Most people have never heard of ''American Enterprise Day,'' let alone ''National Get High on Life Week.'' But these are just a few of the dozens of special ''days'' or ''weeks'' commemorated in resolutions that Congress adopts every session.
And to the consternation of one senator, the list is growing, despite his best efforts to do something about it. Wyoming Republican Alan K. Simpson has been keeping track of the commemoratives that the Senate Judiciary Committee has processed over the past few years - more than 135 during the 98th Congress alone.
Senator Simpson says he thinks so many commemorative resolutions pass through the committee that they have become meaningless. ''I don't know what purpose they serve,'' he says.
Back in June 1980, Simpson, along with Sens. Max Baucus (D) of Montana and Howell Heflin (D) of Alabama, managed to push through a requirement they hoped would stem the tide of commemoratives. Each proposed resolution must now have 25 cosponsors in addition to its chief sponsor, including at least 10 senators from each political party.
But that hasn't held back the flood of new resolutions. Senators are all too willing to accommodate one another it seems. But Simpson will neither sponsor nor support resolutions, except ''in the most unusual and extraordinary circumstances.''
He tells this to constitutents in firm but polite language, pointing out that printing costs alone for these resolutions exceed $200,000 each Congress.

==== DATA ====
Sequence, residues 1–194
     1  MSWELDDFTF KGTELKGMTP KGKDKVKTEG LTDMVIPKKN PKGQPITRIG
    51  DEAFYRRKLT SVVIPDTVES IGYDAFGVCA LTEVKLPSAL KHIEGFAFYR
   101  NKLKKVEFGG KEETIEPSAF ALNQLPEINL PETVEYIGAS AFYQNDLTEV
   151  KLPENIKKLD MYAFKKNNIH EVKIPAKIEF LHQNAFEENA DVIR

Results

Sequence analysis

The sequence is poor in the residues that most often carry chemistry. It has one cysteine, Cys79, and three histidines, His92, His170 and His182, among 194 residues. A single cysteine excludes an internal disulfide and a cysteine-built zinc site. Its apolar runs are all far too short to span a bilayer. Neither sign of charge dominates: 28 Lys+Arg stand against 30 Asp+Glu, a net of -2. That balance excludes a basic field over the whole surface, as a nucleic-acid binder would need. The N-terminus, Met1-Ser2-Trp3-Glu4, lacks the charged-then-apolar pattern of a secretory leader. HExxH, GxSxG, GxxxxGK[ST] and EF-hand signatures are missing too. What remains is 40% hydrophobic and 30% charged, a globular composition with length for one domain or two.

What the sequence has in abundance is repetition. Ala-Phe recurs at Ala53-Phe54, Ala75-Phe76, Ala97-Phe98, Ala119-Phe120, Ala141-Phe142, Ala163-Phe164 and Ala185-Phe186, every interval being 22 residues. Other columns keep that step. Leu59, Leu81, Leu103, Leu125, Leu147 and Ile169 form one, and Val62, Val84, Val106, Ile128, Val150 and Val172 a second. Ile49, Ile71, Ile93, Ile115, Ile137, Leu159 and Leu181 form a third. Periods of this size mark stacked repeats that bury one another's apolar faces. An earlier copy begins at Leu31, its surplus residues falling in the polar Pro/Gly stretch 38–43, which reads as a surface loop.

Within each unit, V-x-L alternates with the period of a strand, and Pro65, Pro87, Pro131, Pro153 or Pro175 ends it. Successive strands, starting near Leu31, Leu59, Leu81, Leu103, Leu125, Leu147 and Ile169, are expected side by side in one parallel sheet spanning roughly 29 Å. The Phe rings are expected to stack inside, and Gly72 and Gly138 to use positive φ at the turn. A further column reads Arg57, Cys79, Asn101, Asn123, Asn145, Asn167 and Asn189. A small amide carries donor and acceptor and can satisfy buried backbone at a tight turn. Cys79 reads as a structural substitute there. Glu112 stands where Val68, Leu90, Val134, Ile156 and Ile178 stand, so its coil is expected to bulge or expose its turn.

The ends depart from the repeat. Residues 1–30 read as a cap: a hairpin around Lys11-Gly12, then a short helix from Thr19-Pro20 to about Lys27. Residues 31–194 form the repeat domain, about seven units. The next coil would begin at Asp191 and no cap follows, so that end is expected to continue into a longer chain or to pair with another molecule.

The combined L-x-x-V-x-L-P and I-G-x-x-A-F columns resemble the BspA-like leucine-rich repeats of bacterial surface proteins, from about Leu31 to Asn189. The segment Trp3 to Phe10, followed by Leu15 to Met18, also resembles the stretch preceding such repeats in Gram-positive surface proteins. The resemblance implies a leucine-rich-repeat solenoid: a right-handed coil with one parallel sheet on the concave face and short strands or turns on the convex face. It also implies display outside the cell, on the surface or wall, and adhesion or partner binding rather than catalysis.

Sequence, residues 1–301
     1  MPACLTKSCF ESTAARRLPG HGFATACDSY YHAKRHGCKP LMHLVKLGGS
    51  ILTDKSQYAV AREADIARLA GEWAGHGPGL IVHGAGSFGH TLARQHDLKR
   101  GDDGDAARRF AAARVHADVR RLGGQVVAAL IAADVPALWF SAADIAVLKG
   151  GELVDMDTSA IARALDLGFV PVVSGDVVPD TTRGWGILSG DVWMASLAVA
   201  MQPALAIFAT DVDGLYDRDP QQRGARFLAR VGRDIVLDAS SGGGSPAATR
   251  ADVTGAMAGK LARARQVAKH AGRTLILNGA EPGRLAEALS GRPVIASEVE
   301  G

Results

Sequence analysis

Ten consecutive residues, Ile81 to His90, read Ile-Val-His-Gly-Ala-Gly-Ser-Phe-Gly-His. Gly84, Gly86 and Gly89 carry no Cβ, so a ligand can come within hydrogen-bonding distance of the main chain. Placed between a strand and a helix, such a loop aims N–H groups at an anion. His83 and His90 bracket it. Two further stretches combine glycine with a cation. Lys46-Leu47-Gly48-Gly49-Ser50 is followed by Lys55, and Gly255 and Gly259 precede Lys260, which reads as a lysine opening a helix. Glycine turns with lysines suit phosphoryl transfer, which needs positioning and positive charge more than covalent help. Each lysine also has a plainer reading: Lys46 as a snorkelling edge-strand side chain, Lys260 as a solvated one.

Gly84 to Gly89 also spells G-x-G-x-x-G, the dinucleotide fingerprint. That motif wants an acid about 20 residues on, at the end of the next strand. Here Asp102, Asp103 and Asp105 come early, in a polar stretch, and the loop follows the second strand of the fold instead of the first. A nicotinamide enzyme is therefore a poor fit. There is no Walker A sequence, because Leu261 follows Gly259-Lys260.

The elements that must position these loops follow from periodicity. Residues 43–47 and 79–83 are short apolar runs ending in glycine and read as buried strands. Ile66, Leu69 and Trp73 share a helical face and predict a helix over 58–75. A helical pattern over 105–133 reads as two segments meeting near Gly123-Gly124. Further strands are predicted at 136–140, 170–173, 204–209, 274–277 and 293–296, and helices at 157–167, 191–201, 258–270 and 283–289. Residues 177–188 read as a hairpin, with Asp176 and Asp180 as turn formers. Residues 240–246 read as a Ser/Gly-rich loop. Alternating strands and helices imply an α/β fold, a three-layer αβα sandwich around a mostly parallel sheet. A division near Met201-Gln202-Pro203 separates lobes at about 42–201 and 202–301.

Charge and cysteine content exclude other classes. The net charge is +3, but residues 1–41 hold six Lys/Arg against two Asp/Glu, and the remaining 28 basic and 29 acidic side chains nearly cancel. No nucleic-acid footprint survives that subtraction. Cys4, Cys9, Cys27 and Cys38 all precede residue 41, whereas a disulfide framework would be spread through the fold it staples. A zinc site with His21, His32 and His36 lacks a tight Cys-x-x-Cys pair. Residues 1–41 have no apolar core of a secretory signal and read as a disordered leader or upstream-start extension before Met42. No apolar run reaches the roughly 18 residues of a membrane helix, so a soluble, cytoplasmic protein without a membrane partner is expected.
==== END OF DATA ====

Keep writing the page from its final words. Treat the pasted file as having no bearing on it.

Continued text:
Just exactly what commemorative resolutions accomplish is not clear. Some serve as vehicles for educational or fund-raising efforts. Others allow a senator to pat a hometown boy on the back. Mostly, the resolutions merely give a senator an opportunity to please a particular group of constituents, local or national.
On occasion, however, the effort can boomerang. Early in May, Sen. Robert Dole (R) of Kansas, put a resolution on the Judiciary Committee agenda to commemorate the 30th anniversary of the Supreme Court's Brown v. Board of Education decision, which struck down school segregation laws.
Senator Dole has generally been considered a friend of the civil rights movement, and the Brown resolution was a small gesture timed to coincide with a Washington, D.C., celebration of the decision.
But Supreme Court decisions can be tricky business. Sen. John P. East (R) of North Carolina, who also serves on the Judiciary Committee, objected to the Dole resolution. After a week to think about it, Dole took the line of least resistance. He withdrew it.